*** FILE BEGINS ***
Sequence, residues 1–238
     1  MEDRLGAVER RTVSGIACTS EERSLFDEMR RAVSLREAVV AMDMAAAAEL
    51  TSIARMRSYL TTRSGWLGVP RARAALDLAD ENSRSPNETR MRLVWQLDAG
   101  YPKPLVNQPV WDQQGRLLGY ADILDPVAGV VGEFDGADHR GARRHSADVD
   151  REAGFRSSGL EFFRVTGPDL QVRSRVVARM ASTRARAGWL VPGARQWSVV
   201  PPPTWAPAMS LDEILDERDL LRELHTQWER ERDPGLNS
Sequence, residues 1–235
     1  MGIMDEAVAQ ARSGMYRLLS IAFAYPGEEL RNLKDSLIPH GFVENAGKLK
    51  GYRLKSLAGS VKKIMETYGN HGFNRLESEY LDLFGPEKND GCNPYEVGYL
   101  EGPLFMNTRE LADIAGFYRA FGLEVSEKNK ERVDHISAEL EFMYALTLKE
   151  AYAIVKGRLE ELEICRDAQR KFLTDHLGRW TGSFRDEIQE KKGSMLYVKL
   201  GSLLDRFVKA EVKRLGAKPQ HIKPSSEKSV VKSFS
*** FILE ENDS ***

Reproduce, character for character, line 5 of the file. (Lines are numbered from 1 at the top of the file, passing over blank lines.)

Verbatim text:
   151  REAGFRSSGL EFFRVTGPDL QVRSRVVARM ASTRARAGWL VPGARQWSVV